Like entitlements, judgments are empty promises without enforcement. The Commission should not hesitate to return to the CJEU if a member state fails to implement its judgment, and should seek financial penalties against recalcitrant Member States. This should certainly be done in the case of the Hungarian NGO law judgment (June 2020), where the Hungarian government has been dragging its feet to implement the ruling. In the same vein, the landmark CJEU judgments upholding the rights of asylum seekers and migrants not to be unlawfully detained and pushed back at borders (May 2020 and this week) will also call for enforcement.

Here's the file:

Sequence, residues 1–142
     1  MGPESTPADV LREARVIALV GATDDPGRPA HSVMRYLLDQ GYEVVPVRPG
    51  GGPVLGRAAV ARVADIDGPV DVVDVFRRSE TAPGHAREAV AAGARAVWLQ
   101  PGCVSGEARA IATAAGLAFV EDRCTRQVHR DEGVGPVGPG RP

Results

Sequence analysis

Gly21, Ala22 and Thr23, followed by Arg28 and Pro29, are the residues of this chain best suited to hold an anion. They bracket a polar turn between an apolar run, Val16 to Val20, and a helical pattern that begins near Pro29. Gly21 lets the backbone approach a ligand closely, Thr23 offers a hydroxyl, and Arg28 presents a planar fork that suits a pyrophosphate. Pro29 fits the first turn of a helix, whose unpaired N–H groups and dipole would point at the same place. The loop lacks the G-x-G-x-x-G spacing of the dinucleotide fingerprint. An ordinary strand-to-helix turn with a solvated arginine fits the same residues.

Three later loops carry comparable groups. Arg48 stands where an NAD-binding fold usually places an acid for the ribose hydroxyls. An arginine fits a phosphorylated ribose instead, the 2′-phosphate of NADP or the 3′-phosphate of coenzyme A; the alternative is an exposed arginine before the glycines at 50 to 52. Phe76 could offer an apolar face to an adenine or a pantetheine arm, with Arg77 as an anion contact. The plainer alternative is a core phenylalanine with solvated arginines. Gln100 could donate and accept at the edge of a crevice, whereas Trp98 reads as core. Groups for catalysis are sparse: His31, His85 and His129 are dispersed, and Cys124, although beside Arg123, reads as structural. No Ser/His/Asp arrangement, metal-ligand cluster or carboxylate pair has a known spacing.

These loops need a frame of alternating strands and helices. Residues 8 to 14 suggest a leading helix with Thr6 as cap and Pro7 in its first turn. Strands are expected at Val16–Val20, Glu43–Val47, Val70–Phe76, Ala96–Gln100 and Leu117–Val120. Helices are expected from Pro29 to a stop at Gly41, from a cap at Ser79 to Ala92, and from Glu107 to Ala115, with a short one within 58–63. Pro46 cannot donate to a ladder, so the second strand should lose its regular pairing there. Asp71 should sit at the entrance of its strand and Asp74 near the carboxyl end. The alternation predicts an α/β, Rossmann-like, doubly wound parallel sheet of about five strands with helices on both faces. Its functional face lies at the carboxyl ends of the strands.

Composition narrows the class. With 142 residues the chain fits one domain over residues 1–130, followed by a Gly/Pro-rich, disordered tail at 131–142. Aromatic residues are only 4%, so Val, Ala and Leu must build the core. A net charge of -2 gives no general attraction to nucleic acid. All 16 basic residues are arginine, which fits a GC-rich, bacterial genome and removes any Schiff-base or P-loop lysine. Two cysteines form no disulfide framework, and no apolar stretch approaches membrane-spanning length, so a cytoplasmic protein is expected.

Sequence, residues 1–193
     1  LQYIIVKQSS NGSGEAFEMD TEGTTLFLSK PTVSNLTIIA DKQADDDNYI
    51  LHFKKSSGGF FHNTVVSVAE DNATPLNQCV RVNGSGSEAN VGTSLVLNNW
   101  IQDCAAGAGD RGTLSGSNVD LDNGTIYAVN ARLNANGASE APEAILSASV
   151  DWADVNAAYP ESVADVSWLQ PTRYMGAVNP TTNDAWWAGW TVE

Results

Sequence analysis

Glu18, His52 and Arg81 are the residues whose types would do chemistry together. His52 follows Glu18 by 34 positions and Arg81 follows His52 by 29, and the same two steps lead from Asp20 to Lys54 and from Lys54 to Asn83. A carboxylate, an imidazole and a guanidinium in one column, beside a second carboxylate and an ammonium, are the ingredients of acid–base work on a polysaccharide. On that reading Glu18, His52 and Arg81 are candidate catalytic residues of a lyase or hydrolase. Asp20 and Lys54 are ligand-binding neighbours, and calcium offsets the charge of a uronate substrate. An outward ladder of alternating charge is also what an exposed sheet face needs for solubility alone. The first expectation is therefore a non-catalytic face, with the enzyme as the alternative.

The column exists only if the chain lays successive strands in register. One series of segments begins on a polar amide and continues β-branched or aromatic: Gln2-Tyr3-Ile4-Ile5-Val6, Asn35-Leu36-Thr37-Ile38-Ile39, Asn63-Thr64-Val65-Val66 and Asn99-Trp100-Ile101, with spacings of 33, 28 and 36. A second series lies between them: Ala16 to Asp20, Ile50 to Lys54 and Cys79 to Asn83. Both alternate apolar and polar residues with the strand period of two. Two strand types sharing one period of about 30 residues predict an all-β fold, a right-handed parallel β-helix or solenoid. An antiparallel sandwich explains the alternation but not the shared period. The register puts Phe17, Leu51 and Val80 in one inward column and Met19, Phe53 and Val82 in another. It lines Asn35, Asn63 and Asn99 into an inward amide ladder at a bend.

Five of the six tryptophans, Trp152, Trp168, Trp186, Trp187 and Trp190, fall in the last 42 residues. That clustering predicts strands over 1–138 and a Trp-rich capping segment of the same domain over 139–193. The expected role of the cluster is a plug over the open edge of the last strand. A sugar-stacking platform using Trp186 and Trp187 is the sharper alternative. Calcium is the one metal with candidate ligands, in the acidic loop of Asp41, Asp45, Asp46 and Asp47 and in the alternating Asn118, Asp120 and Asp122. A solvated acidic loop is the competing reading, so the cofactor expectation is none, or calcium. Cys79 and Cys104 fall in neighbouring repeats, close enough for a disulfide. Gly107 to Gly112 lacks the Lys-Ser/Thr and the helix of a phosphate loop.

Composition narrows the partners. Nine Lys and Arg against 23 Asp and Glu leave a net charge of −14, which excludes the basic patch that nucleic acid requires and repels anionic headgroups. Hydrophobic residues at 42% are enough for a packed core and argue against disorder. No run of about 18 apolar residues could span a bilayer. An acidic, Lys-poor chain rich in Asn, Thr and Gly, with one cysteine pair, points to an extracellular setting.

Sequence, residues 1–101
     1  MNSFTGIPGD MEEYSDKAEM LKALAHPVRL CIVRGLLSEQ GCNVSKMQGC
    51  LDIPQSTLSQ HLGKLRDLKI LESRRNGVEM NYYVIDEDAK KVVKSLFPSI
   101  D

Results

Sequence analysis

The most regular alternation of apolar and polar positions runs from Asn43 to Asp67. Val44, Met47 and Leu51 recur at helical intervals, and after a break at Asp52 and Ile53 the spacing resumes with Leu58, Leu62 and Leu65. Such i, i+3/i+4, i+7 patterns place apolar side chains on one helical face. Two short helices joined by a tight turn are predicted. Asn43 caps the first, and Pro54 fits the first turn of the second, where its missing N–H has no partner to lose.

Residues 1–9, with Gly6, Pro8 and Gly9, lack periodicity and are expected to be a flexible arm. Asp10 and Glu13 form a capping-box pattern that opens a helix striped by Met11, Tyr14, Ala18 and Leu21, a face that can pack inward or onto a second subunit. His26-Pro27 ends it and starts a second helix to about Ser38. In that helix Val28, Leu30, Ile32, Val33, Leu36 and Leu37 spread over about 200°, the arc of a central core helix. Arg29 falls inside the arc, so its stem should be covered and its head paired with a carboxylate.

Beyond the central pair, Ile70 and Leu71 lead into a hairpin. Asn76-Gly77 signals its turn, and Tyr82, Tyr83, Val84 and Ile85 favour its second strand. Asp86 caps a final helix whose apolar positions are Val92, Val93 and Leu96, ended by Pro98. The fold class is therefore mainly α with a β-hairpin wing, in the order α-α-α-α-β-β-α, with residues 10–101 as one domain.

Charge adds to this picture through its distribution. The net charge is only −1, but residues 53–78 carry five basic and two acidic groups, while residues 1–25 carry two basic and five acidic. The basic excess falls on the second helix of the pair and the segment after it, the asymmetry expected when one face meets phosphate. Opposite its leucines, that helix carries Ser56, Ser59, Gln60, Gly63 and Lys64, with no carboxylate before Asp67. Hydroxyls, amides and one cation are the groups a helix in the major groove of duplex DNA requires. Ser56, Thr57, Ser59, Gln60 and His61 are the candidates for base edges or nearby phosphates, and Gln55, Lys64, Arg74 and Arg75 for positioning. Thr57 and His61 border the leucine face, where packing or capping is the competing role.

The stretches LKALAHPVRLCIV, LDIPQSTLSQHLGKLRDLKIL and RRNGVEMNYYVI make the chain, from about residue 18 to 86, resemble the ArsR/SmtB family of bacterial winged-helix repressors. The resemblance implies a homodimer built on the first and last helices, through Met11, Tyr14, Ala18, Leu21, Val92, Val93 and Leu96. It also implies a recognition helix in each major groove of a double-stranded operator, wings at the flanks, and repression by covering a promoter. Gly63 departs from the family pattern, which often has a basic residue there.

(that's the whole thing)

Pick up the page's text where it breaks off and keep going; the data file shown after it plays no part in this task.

The Court may find itself in the centre of political attacks and smear campaigns when, in 2021, Poland and Hungary challenge the rule of law mechanism, once set in motion, as well as further cases that are centred on explosive issues such as judicial independence or asylum.
Some governments may think that with the rule of law mechanism now ticked off the EU’s agenda, at least for a while, the headache will abate. But a European Union that inspires and protects, one that its 450 million citizens can feel close to and be proud of, should not allow their human rights to be hijacked -- neither at EU level nor by member states. As we transit into 2021 with much hope, we must make sure these values are upheld.